On December 15, 1978, the United States and China announced the establishment of diplomatic ties following decades of hostility. Thirty years later, two key participants look back at the events that transformed the US-China relationship.

In the late 1960's, China was in the throes of an anti-capitalist Cultural Revolution, led by Communist Party founder Mao Zedong.
In the United States, Richard Nixon ran for president as a strident, anti-communist.
After China's communist revolution of 1949, the two nations had no diplomatic contact.
But when Mr. Nixon became president, he began to explore changes in U.S. policy.  

Brent Scowcroft was an aide to Mr. Nixon at the time. "Nixon came into office with very anti-communist credentials," Scowcroft said. "He was known as an anti-communist, and therefore he could reach out to a communist country like China without people suspecting that he was selling the United States down the river."

Scowcroft says the United States was pursuing detente with the Soviet Union. Mr. Nixon saw the U.S. estrangement from China as dangerously unbalanced.

For years, the U.S. had relations only with the non-communist rulers on the island of Taiwan.

Mr. Nixon sent National Security Advisor Henry Kissinger on a secret mission to end decades of hostility with China.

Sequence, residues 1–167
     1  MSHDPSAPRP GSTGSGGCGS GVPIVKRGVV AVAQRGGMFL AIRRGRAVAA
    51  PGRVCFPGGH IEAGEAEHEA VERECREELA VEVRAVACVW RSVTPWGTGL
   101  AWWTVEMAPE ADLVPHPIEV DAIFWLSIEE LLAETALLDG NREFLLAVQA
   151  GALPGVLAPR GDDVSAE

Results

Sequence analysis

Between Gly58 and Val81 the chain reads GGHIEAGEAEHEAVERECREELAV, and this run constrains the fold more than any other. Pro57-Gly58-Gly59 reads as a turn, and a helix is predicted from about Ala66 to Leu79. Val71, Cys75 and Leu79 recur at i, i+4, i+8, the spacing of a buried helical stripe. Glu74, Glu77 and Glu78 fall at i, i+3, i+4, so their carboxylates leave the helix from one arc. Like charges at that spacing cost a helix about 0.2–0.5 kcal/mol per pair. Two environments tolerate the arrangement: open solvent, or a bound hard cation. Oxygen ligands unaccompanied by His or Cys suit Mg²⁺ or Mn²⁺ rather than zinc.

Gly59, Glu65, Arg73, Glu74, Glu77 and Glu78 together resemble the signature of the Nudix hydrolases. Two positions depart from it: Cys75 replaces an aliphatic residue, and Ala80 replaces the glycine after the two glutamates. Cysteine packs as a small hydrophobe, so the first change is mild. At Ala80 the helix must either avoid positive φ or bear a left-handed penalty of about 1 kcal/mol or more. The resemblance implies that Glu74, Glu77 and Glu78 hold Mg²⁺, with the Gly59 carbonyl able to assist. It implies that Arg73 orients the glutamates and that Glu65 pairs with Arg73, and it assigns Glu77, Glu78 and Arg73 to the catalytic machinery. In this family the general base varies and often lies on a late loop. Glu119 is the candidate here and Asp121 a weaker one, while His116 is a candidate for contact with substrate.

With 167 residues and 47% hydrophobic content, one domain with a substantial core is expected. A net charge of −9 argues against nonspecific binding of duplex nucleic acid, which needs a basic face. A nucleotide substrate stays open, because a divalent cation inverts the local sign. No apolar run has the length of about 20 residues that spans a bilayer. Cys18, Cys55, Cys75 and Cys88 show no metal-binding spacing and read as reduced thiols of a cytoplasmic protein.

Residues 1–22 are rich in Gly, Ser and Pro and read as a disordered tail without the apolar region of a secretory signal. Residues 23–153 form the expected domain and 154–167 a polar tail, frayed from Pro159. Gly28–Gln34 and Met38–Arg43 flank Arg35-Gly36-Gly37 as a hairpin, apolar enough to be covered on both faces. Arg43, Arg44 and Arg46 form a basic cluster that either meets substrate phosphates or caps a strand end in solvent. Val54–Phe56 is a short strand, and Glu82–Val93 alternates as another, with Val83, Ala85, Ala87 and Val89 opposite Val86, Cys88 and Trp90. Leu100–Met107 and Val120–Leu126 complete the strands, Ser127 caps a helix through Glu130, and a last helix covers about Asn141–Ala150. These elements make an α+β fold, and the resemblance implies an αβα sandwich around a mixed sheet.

"What President Nixon was afraid of is if what he was doing became known widely, he would be prevented from going forward with it," Scowcroft stated.

President Nixon arrived in China in February 1972.

At the Great Wall, he spoke of barriers coming down. "We do not want walls of any kind between peoples, and I think one of the results of our trip, we hope, may be that the walls that are erected," Mr. Nixon said. "Whether they are physical walls like this, or whether they are other walls, ideology or philosophy, will not divide peoples in the world."

Still, relations stalled over the status of Taiwan. Zbigniew Brzezinski was President Jimmy Carter's national security advisor.

In a recent speech at a Washington research center (The Brookings Institution), he said the U.S.-Soviet relationship deteriorated in the mid-1970s over arms negotiations.

Brzezinski says he realized then that normalized ties with China could give the U.S. greater leverage with the Soviets. "That led me to start campaigning with the president on behalf of a somewhat different approach, one which would emphasize the strategic connection," Brzezinski said. 

Brzezinski traveled to China in May, 1978 and proposed normalizing relations without resolving the issue of Taiwan.

Chinese leader Deng Xiaoping invited Brzezinski to dinner. "He wistfully said to me, you know I only have three years left - it wasn't clear to me if he was speaking of his age or of his tenure in office - and it may not be possible for me ever to visit America," Brzezinski recalled. "I got a sense from that that there was a sense of urgency on his side as well."

Seven months later, the United States and China established formal diplomatic ties. President Carter received Mr. Deng at the White House.

Since then, despite political and economic tensions, the U.S.-China relationship has expanded. And, experts say, the two countries are  increasingly interdependent.